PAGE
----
- Associated Press - Wednesday, February 19, 2014

COLUMBIA, S.C. (AP) - The House budget-writing committee wants to give South Carolina state employees a slight raise and cover their rising health insurance premiums, but their out-of-pocket costs would increase again.

The Ways and Means Committee tentatively approved on Wednesday a 1.5 percent cost-of-living raise for state employees for the fiscal year starting July 1. Members also agreed to spend an additional $57 million to cover higher premiums for employees of state agencies and school districts.

Rep. Jim Merrill said his subcommittee considered giving a higher raise and requiring employees and retirees to pay for their premium increases.

“We think it’s better to split the two,” said Merrill, R-Charleston. “We could’ve put it all on the backs of state employees and maybe give a 2 percent raise, but that wouldn’t be the responsible thing to do.”

However, the plan would require employees to pay slightly more for their deductibles and co-payments. Individuals’ deductibles would rise by $30, to $450, while family coverage deductibles would increase by $60, to $900. Copayments would increase by $1 for doctor visits, to $13; and by $10 for emergency room care, to $160. Outpatient hospital care co-pays would increase from $90 to $97. Some pharmacy copayments would not change, while others would rise by between $3 and $12.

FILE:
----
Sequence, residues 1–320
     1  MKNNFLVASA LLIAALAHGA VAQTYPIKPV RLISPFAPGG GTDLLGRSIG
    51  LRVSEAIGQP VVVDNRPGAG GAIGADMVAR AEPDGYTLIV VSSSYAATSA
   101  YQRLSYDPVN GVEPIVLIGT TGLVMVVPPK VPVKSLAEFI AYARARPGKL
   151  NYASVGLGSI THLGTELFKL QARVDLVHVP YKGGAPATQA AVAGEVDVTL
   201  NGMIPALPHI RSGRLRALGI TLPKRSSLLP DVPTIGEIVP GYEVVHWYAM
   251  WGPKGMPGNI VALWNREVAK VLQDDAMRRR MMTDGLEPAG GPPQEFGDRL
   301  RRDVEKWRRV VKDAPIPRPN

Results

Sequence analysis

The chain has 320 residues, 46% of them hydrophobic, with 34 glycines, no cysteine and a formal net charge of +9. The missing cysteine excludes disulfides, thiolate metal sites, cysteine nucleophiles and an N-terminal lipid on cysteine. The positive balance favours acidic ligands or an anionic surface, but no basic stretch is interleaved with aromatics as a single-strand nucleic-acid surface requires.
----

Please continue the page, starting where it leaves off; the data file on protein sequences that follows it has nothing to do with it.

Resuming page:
Those increases, which would take effect Jan. 1, would follow a 20 percent increase in employees’ co-payments this year.

The additional money legislators are designating for pay and premium raises cover employees funded through the state’s general fund. The changes would also apply to employees at agencies and public colleges whose salaries are funded through federal money, tuition, fees or other funds. But those agencies must find the money in their own budgets.

In the K-12 education section of the budget, the committee chose to follow Gov. Nikki Haley’s plan to improve education by focusing on poor, rural school districts.

Haley announced last month that her spending plan for 2014-15 provided K-12 public schools an additional $177 million, for what she called the first of a multiyear investment.

That included $97 million on children living in poverty, $30 million on reading coaches in elementary schools, and $29 million on technology improvements. The plan adopted by Ways and Means would fully cover the cost of a reading coach for several hundred elementary schools where a substantial number of students score poorly on standardized reading tests. The coaches would be partially funded at others. Technology money would be distributed to districts based on their poverty rating.

“It’s a direction we need to go,” Rep. Kenny Bingham, R-Cayce, said about the funding changes.



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